There is a dire need to increase household savings as there has been a steep fall in the net household financial savings in recent years, Former Reserve Bank of India Deputy Governor Rakesh Mohan said.
There is a dire need to increase household savings as there has been a steep fall in the net household financial savings in recent years, Former Reserve Bank of India Deputy Governor Rakesh Mohan said. The net household financial savings have significantly slumped to 7 per cent of gross domestic product or GDP in recent years from 11-12 per cent of GDP in 2007-8. “These need to be restored to the 10 per cent level in the near future (from 7 per cent at present), and then increased gradually to around 13 per cent by 2030-35. Such a steep fall in recent years is difficult to understand since household financial savings had been around 10 per cent of GDP for almost 20 years right through the 1990s and 2000s,” Mohan said on Friday at the release of his new paper, ‘Moving India to a New Growth Trajectory’, at Brookings India.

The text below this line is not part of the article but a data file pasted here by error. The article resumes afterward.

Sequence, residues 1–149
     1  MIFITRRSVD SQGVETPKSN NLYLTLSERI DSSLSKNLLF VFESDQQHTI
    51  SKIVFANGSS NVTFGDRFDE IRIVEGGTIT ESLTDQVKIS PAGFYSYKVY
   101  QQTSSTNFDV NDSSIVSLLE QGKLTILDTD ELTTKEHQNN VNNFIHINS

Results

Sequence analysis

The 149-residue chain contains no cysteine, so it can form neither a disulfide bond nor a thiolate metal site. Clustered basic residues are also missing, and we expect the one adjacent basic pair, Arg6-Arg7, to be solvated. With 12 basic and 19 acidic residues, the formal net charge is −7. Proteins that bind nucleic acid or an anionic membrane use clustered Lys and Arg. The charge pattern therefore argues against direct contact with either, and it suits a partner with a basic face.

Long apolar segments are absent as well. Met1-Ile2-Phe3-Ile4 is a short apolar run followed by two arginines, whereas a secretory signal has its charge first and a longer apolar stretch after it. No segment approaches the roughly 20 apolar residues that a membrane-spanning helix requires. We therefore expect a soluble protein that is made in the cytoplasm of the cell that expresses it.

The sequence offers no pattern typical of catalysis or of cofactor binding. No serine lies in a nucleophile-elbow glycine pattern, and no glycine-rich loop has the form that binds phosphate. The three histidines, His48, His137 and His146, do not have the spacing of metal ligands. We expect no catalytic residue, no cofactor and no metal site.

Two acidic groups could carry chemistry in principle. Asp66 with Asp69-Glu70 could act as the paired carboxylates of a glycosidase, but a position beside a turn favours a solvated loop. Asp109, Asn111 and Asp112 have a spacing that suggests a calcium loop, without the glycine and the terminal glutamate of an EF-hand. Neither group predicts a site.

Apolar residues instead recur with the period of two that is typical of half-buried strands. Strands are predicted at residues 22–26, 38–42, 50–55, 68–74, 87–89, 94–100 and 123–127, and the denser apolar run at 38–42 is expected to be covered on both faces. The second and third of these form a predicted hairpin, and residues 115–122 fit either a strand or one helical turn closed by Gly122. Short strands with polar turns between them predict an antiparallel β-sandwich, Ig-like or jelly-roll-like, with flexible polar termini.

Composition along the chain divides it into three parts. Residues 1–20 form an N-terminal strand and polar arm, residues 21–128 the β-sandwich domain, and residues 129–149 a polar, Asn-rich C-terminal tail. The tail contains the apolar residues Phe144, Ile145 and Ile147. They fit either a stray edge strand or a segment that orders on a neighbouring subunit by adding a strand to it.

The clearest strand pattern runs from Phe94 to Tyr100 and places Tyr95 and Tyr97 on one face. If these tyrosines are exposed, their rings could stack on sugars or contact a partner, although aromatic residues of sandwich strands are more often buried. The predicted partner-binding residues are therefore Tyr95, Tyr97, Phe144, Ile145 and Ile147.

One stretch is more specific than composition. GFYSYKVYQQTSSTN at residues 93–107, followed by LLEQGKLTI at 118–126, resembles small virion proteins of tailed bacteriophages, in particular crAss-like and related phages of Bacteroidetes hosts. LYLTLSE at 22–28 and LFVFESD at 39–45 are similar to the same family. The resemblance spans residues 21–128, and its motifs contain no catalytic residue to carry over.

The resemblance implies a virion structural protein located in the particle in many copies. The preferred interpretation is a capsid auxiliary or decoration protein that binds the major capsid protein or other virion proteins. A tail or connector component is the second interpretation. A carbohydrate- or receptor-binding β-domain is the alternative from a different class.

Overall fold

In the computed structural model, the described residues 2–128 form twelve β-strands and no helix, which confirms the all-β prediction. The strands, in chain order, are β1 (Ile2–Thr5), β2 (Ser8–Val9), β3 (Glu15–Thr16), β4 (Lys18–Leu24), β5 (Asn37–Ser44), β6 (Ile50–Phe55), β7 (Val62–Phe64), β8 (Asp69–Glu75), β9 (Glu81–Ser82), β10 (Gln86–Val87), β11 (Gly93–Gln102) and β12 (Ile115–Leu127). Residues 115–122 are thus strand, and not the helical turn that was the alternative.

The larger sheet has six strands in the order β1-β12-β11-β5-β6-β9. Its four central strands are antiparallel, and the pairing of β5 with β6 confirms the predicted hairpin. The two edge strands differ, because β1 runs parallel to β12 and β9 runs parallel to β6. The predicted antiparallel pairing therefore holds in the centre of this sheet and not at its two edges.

The fall in savings rate is a major issue and the reasons behind the dramatic fall in household savings is still not very clear, said Mohan.Household savings reached about 21 per cent of GDP during 1997-2003 and ascended further to just under 24 per cent during 2008-11, but have since fallen to around 17 per cent in 2016-2018. There has been a dramatic fall in net household financial savings from the high of 11-12 per cent of GDP reached in 2007-08 to around 7 per cent in recent years, added.
The export growth needs to be expanded which has been almost nil for the last six years. The former deputy governor said it is possible to push exports growth as the world demand for manufactured goods will increase manifold in the coming years. According to him, the increase in domestic growth since the time of Independence is associated with consistent trends of rise in domestic savings and investment over the decades.
Mohan said historically, Indian growth accelerations have been accompanied by higher gross domestic investment rates, largely financed from correspondingly increasing domestic savings, supplemented modestly by external savings including foreign direct investment (FDI). He said the secular uptrend in domestic growth since Independence is clearly associated with consistent trends of increasing domestic savings and investment over the decades.
“The NITI Aayog must be technically strengthened and reorganised so that it can develop long-term integrated programmes for investment and management of key interconnected sectors. The Aayog’s function to coordinate public investment programmes between ministries at the central level and across states must be restored, but within the framework of new cooperative federalism,” the former RBI Deputy Governor further said.